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Playing 'chicken' with food labels

USDA dares food processors to put 'mechanically separated poultry' in ingredient panels.
FILED IN:  Machinery  > Filling/sealing  > Dry filling

A wide range of food processors will have to either overhaul product labels or reconstitute products over the next year to comply with a new USDA rule on mechanically-separated poultry (MSP). The rule issued on November 3 by the USDA's Food Safety and Inspection Service (FSIS) requires food marketers to add MSP as an ingredient to the product label by November 1996 (see PW Dec. '95 p. 48).

The rule will affect manufacturers of more than just chicken franks and sausages the most obvious products affected by the rule. Other products which include MSP include dry soups and flavored rice mixes.

John Toney vice president for technical affairs at Henningsen Foods Inc. Omaha NE says his company sells dehydrated MSP to food companies who use it in as many as 100 grocery shelf products. Those are products like Lipton dry chicken soup mix Rice-A-Roni and Stove Top Stuffing. Toney is concerned that those food companies will Playing

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stop buying MSP rather than add it to their ingredient panels. The fear on the part of some food companies may be that consumers will blanch at the sight of MSP on the label.

Currently for example Lipton lists chicken powder and chicken* (* dried) on its ingredient panel for "Soup Secrets." Nissin Foods Cup Noodles lists powdered chicken; Rice-A-Roni also lists chicken with an asterisk for dried.

The term "mechanically separated" whether used for poultry or meat means that the meat and bones are ground together and passed through screens under high pressure to filter out bone fragments. The final product is a poultry product with a paste-like form and batter-like consistency. Some in the poultry industry claimed the product is no different than "finely ground" chicken or turkey made from hand-deboned meat. But the FSIS did not buy that argument.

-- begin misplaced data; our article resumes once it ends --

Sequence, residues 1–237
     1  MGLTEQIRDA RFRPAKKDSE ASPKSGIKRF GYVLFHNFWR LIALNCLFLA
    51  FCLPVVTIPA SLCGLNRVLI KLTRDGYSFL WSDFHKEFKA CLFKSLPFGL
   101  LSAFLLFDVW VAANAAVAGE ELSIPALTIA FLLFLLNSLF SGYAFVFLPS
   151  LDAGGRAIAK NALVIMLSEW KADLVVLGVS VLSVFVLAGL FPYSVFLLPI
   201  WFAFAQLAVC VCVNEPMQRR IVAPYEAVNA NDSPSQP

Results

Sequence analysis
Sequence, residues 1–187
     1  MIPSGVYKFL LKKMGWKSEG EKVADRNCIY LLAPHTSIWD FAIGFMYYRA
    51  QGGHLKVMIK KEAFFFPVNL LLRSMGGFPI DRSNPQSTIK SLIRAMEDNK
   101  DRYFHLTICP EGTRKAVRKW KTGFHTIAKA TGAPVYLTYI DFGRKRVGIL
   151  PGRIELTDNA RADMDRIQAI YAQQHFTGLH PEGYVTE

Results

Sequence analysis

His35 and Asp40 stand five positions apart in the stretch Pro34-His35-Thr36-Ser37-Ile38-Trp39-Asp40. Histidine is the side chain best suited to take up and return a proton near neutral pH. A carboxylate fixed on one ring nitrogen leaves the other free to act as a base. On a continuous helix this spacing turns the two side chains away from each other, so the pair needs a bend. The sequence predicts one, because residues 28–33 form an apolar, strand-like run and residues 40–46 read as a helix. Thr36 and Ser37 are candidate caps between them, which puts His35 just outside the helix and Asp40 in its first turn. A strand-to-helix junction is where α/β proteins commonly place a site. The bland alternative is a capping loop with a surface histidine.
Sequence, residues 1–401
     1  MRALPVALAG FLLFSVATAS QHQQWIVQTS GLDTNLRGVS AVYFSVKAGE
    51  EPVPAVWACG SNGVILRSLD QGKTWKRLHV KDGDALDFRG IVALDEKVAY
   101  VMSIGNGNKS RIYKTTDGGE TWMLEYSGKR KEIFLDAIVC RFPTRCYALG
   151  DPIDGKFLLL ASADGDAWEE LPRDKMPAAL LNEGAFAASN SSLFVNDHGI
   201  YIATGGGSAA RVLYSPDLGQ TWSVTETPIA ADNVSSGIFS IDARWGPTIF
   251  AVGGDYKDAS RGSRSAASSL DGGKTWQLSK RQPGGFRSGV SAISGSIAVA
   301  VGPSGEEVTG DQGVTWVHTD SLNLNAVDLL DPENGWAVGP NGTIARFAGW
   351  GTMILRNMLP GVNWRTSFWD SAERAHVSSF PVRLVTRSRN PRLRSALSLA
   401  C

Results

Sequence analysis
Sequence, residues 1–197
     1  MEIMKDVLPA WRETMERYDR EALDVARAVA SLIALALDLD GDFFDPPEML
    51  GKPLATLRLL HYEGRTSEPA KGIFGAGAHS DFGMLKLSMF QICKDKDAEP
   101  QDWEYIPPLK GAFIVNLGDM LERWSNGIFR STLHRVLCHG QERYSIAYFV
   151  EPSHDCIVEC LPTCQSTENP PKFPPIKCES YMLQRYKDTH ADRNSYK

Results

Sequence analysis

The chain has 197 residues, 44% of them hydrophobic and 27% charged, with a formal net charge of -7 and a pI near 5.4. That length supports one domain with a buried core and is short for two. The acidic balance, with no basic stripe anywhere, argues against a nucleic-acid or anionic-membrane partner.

Vito D'Agostino vice president national sales of Henningsen points out that Lipton already puts MSP on the ingredient label of products it sells in Canada. "It hasn't caused a problem there" he reports.

Those companies who go ahead and make the label change will have a year to do so. Kimberly K. Rice a labeling specialist for Jimmy Dean Foods Cordova TN wrote to the FSIS to say the costs associated with reformulating products are enormous. These would include getting rid of obsolete packaging inventories.

Contacted after the rule became final she referred a reporter to the company's legal office. No one returned repeated phone calls.

In written comments it sent in one company told the FSIS it had 250 products which would have to be relabeled at a cost of $1/label. The FSIS dispatched that concern by saying "the cost of labeling changes can be significantly reduced by allowing companies to use up their old stocks..."


The FSIS says an average label change costs in the $600 range. Moreover the agency argues that many companies relabel products frequently and that adding MSP to the ingredient statement would be something many companies could do without much extra cost as the part of an already-scheduled relabeling. For example about 50 percent of the 180 labels submitted to FSIS each year for approval are for label changes on existing products.

Although the USDA first considered requiring labeling for MSP in 1969 this rulemaking was finally put on a fast track by a lawsuit filed in 1993 by several meat sausage manufacturers (Bob Evans Farms Inc. et al. v Mike Espy then Secretary of Agriculture they argued meat products were discriminated against because labeling for mechanically separated meat is already required.)

The rule could have been worse. Public Voice a consumer group wanted the FSIS to require products with MSP to include all the components of MSP in the ingredient statement. That would have entailed listing everything except muscle and tissue such as skin and organ materials. c

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